Eagle eyed readers may have noticed a little ‘Llambassador’ button sitting quietly within the homepage sidebar recently. Now I can proudly reveal the reason why: I am thrilled to announce that I am now an official Llambassador for Welsh Lamb!
For those that might not be familiar with the brand, the high quality range of products are created thanks to the purest of natural ingredients. The blend of nature’s finest Welsh air, clean water and fresh grass together with the high standards of farming results in fresh, succulent lamb that melts in your mouth every single time. It truly is Welsh Lamb at its finest.
The quality of the produce is so fine that it has been recognised by the European Commission (EC), who has awarded Welsh Lamb the much-coveted status of Protected Geographical Indication (PGI). This puts Welsh Lamb in the same company as Parma Ham, Feta Cheese and Champagne!
To celebrate, I share our delicious Greek Kleftiko recipe both here and over on the Eat Welsh Lamb site itself where you can also find a number of other recipes to get stuck into! But first, the Kleftiko…
Welsh Lamb Greek Kleftiko
Kleftiko’s name comes from the days in Greece when bandits used to steal young lambs from the shepherds and hide it – in short, it just means ‘stolen’. The bandits then used to wrap the slaughtered lamb in paper along with vegetables (also probably stolen!), and cook them over hot coals in the ground over several hours. This would keep the food out of sight and prevent the delicious aroma arising, thus leaving the bandits thefts undetected.
You will need to prepare the lamb the previous evening. The extended marinating period together with the long, slow cooking method leaves a succulent, tasty lamb that remains tender throughout.
Leg of Welsh lamb
3 large cloves garlic
Sprig of rosemary
2tbsp of oregano
200ml good quality olive oil
Juice of two lemons
2 large onions
200ml white wine
200ml lamb stock
Pour the lemon juice and olive oil into a bowl or high sided tray large enough to fit the lamb into comfortably.
Finely chop the garlic and add to the oil and juice mixture along with the oregano, salt, and pepper.
Remove the rosemary leaves from the stalk by running it through your finger and thumb and place them into the mixture.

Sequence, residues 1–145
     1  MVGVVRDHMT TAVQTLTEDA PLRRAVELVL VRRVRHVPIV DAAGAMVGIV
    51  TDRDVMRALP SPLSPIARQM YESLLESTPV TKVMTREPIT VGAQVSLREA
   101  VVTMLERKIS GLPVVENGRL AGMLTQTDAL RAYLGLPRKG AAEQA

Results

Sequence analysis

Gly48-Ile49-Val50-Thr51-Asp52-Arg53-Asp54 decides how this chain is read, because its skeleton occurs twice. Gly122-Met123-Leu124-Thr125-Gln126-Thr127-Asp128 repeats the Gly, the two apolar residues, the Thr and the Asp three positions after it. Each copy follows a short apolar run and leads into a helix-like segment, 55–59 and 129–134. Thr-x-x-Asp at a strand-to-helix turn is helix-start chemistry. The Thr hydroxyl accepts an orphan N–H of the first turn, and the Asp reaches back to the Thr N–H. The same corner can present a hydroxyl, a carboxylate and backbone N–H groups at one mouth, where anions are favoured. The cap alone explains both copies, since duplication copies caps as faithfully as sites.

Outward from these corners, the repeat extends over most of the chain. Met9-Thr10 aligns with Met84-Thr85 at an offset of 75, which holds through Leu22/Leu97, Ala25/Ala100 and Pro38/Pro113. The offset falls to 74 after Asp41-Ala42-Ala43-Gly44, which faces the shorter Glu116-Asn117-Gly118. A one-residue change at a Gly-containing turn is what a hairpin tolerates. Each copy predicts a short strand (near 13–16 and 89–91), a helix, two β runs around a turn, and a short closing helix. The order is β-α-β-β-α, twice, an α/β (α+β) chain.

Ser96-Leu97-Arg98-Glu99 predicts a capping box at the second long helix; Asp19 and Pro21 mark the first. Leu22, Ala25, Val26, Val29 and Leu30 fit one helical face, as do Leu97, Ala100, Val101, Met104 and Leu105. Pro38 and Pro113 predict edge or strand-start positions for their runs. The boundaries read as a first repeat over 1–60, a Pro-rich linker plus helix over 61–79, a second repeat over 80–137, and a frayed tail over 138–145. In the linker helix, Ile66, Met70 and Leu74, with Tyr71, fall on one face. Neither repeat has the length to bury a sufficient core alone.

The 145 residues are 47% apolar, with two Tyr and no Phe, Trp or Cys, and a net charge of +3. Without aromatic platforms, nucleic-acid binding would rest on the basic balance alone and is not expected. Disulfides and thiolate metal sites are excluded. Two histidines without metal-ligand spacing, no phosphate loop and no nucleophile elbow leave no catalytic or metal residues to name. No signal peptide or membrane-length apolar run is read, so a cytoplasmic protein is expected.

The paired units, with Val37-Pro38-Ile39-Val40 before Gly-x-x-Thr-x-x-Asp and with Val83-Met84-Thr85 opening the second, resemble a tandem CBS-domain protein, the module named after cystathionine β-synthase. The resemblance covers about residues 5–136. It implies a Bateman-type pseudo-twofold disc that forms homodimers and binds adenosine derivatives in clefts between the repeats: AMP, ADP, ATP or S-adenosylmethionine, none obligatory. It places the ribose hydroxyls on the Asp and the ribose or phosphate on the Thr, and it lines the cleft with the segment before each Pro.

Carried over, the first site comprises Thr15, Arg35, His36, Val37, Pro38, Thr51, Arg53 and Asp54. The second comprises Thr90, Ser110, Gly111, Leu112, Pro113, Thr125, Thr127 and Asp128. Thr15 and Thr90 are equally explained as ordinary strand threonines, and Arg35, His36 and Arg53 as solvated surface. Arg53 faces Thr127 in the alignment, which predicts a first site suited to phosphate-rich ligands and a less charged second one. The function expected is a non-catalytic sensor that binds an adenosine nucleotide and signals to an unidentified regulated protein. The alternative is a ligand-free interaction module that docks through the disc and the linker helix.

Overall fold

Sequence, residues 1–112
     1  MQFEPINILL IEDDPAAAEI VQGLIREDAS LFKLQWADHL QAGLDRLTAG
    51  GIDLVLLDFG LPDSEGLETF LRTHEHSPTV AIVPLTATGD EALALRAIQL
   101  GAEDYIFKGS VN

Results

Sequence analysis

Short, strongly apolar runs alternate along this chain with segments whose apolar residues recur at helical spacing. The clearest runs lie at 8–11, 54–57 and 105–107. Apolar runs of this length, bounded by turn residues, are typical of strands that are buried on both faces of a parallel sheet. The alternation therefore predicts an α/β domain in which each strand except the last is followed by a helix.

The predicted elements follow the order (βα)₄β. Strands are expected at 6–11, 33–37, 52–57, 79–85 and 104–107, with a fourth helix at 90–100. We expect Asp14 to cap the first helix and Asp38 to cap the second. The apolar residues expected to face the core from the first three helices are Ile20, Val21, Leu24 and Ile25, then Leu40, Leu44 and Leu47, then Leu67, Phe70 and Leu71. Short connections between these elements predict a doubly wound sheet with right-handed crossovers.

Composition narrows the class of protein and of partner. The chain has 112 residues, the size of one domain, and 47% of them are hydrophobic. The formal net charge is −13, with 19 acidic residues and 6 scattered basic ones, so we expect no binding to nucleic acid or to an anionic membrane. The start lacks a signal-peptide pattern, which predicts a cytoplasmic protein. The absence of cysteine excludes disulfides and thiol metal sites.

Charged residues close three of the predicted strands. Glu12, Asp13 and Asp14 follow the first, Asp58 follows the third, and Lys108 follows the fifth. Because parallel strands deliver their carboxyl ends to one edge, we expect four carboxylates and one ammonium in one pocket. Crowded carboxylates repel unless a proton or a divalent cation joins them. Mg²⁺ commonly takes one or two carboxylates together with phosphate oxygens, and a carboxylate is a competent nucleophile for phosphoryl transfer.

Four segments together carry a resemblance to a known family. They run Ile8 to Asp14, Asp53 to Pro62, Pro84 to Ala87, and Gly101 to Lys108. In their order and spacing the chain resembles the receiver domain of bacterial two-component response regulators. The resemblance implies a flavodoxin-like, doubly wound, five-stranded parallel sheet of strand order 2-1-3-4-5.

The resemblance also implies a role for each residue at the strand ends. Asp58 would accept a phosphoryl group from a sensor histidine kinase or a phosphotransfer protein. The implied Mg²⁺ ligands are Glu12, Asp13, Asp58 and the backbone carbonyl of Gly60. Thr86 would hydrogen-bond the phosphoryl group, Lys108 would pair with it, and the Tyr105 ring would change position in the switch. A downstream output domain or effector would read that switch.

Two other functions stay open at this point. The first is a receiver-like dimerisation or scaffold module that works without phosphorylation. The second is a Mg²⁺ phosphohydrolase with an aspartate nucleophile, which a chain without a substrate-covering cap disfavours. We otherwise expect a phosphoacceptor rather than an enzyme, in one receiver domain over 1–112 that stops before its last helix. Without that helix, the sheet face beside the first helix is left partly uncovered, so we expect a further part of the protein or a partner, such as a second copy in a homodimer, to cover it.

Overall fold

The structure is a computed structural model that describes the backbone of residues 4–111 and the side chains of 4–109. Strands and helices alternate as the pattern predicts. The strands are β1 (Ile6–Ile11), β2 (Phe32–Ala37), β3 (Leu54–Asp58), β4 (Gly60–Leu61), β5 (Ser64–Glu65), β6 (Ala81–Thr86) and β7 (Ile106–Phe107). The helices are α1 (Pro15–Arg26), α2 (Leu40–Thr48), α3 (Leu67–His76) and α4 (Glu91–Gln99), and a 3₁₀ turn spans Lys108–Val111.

Take the lamb and insert a knife about an inch or so into it all over.
Place the lamb into the bowl or tray and rub the mixture over it thoroughly. Make sure you turn it and push the mixture into the insertions.
Cover the tray with clingfilm and leave to marinade in the fridge overnight.
The following day:
Remove the lamb from the fridge and allow to sit at room temperature (still in its marinade) for an hour before cooking.
Preheat the oven to 160⁰C/320⁰F/Gas Mark 3.
Meanwhile, line a roasting tray with parchment paper. You can also find parchment paper which is coated with foil on the outside which also works well for this. When lining the tray you need to ensure there will be enough to wrap up around the vegetables and lamb. Cut two long pieces of parchment to place widthways across the tray, ensuring they overlap each other so none of the tray can be seen. Then cut another two pieces which will lie lengthways across the tray side-by-side. There should be a generous overhang of parchment at the left, right, top and bottom of the tray.
Peel the potatoes and cut larger ones in half. You don’t want small pieces as larger ones will hold their shape better with the long cooking time.
Halve then quarter two large onions, then slice along them. Place the onions and potatoes at the bottom of the tray.
Place the lamb on top of the potatoes and onions and pour the marinade all over. Then add the lamb stock and the wine.
Bring up the sides of the parchment and wrap the lamb well, ensuring it is completely sealed.
Place into the oven and leave to cook for the next five hours.
After five hours open up the lamb and fold back the parchment. Turn the temperature up to 200⁰C/400⁰F/Gas Mark 6 then leave to cook for a further 30 minutes. This will brown the lamb on the outside whilst allowing the inside to remain tender and moist.